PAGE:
There are certain things in this life that just sound strange when you put them together. Ketchup and Kraft Dinner, or Disney and Final Fantasy. Oh wait, those things happened. So I guess it isn’t the craziest thing in the world to see the Persona franchise, typically a JRPG, transported into an one-on-one beat-‘em-up. But as evidenced by ketchup and Kraft Dinner, just because you can put two things together doesn’t necessarily mean you should. Thankfully, Arc System Works has pulled off the impossible: they made me appreciate a fighting game, a genre I am typically terrible at and admire from afar. Persona 4 Arena: Ultimax successfully combines the wacky flavoring of the Persona series with a fast, fierce fighting game that fans of the genre and the series itself will be able to enjoy.

Let’s start with the fights themselves, shall we? Fights are fast and flashy as hell. Gamers with epileptic tendencies beware: the screen will literally explode with color during SP Skills and Instant Kills. The fighting system itself can seem daunting at first — fatal counters and dash canceling and max bursts, oh my! If it weren’t for the lengthy lessons and challenge modes, newcomers might have drowned under the flood of fighting terminology, but Ultimax does a great job of easing newbies into the shallow side of the pool before diving right into the deep end. For some reason, I never felt like I knew what I was doing in the original Arena. I would just mash buttons and pull of combos with a ‘what the hell do I just do?’ shrug. I felt far more in control with Ultimax, possibly out of experience, but I think it was the in-depth tutorials that made the difference this time around. When I pulled off a long combo that made my opponent put down his controller in frustration and wait for his turn to play again, I knew what I was doing and it felt great.

The roster is quite a bit larger than it was last time around, thanks to the addition of Persona 3 characters that were left out in the original Arena, along with Shadow Characters for many of the fighters. The Shadow versions of each fighter have their own move sets that are similar to their non-Shadow counterparts with a few tweaks. It’s a great cast of characters, each one playing to the well-drawn strengths established in the games they hail from. Aigis can fly around and shoot bullets from her arm, Yu has his legendary sword that can cut through anything, and Kanji has… a chair. He’s not the most effective fighter, but I appreciate the effort.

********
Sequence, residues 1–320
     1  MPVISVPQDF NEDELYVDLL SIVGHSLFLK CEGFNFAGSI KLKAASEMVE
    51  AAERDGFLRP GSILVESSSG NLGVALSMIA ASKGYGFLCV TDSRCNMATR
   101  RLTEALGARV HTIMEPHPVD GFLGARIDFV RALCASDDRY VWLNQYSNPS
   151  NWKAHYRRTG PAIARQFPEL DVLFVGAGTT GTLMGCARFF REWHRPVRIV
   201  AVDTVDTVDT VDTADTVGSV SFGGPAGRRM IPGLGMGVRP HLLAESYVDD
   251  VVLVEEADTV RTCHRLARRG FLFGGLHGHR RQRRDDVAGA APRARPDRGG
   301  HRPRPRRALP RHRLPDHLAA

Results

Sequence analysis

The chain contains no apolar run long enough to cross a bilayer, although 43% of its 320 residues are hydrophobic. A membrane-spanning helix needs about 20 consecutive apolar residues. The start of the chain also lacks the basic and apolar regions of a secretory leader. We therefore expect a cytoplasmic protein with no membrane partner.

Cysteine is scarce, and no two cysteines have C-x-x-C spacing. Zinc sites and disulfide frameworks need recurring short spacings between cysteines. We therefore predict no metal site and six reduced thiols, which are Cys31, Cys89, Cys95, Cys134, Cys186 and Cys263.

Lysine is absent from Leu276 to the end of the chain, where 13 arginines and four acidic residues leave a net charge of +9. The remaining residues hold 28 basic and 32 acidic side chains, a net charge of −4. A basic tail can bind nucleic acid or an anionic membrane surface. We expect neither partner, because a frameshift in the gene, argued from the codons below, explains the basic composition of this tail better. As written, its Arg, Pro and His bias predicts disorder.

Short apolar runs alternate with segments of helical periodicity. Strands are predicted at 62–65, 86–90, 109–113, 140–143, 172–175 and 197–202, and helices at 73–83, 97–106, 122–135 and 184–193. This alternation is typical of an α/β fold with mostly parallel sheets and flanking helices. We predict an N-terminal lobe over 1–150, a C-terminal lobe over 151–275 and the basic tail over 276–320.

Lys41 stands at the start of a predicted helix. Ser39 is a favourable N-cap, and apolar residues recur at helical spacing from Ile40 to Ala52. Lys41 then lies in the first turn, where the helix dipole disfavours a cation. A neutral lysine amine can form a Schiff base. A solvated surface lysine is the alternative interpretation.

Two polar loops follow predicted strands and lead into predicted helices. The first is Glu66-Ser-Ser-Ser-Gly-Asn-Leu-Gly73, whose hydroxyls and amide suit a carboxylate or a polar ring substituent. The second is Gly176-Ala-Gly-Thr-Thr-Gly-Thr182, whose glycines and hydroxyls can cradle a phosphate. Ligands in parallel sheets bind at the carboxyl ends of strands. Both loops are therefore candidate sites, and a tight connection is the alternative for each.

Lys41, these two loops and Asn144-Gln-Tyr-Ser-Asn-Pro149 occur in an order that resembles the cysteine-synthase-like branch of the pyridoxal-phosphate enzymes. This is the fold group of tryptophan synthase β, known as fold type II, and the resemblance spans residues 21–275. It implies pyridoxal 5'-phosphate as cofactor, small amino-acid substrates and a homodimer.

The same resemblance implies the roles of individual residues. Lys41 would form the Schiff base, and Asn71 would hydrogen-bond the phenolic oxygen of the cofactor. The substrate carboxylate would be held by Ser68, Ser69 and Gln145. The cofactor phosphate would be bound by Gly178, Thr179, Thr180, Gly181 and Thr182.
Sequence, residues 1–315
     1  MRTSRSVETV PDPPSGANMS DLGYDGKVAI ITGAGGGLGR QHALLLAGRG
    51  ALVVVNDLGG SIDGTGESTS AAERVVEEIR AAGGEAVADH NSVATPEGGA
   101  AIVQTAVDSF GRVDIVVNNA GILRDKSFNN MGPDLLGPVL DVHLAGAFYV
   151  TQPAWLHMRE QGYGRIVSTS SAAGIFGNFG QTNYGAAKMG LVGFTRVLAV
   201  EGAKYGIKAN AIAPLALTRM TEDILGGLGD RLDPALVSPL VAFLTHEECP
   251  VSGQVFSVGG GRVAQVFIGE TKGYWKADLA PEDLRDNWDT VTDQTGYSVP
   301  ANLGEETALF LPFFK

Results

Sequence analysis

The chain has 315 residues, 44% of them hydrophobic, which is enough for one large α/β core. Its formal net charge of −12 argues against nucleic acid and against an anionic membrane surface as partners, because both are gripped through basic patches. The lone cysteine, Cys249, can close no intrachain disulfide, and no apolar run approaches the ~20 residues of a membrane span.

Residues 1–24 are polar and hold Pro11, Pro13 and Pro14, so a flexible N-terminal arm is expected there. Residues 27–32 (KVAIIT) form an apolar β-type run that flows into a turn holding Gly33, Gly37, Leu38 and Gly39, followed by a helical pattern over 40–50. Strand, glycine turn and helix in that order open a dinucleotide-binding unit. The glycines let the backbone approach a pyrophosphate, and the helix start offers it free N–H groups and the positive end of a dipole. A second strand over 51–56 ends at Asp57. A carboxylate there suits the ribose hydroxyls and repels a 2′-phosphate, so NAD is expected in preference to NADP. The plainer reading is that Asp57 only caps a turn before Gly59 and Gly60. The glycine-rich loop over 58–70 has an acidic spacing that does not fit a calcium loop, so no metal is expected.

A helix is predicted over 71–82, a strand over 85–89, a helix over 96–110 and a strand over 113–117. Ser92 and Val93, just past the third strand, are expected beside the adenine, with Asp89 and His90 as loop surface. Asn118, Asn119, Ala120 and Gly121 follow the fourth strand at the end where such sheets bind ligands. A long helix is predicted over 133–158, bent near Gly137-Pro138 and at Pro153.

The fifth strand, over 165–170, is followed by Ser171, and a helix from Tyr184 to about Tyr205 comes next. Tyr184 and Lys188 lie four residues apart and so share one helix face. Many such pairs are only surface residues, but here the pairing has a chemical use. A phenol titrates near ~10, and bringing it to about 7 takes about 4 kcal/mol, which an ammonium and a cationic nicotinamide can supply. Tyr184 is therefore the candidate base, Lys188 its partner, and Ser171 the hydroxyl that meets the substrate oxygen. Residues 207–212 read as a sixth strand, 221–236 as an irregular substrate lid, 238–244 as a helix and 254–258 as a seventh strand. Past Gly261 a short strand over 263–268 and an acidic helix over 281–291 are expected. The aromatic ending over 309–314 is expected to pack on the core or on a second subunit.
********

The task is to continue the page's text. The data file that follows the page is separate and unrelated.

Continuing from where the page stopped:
This being a Persona game, Ultimax doesn’t skimp out on the story. The narrative picks up where it left off in Arena, so you’ll want to play that first to have any idea what’s going on (in fact, you’ll probably need to play Persona 3 and 4 while you’re at it). The story mode is long and sprawling, told from multiple perspectives, and filled with enough fan-service to make any Persona lover die happy. Having so many weird, interesting characters interacting with one another, like Junpei teaching Yukiko the importance of Stranger Danger, is an absolute treat (and makes me even more excited for Persona Q). Just don’t go into the story mode expecting a steady string of fights. In fact, the battles are so few and far between that you can just hit ‘auto-mode,’ which lets the computer fight for you. The story, set up more like a graphic novel than a traditional video game narrative, is clearly created for die-hard fans that want to hang out with the Investigation Team and Shadow Operatives one more time. If you want fights, there’s plenty of other modes in the game for that.

Simply put, there is an enormous amount of content in Ultimax. On top of the lengthy story mode, there is a traditional Arcade Mode and the newly added Golden Arena mode. Golden Arena is like a cross between a fighting game and an RPG (very akin to Persona 4 itself, actually). Floor after floor, you fight your way up a tower against a seemingly endless number of opponents, leveling up your character and slotting new abilities along the way, each giving you a distinct edge in battle. Some abilities replenish your health between fights, while others cause status ailments to the opponent under certain conditions, like poison or freezing. Score Attack, Versus and online modes check the rest of the boxes you would expect, but I spent most of my time in the Golden Arena.

Having played Persona 4 Arena only two years ago, there is just enough new content in Ultimax (new story, new characters, Golden Arena mode etc.) to warrant another purchase. You wouldn’t be wrong in wanting to wait for a price reduction, as many of the additions could be considered ‘tweaks,’ but if you skipped out the first time, this is the better deal. Plus, it’s not like Persona 5 is coming out any time soon (damn you, Atlus), so maybe that will scratch that pesky itch in the meantime.

Sometimes, it’s good to get out of your comfort zone, even in gaming. Fighting fans will be exposed to an endearing cast of characters examined through the warped lens of identity and friendship present within the Persona series. JRPG fans will get their asses kicked by people who devote dozens of hours to mastering the myriad mechanics infused in Ultimax. Truly, it’s a win/win for everyone. Except me. I’ll continue to lose to anyone with a shred of talent online.


Chris loves anything Persona Out Of 10

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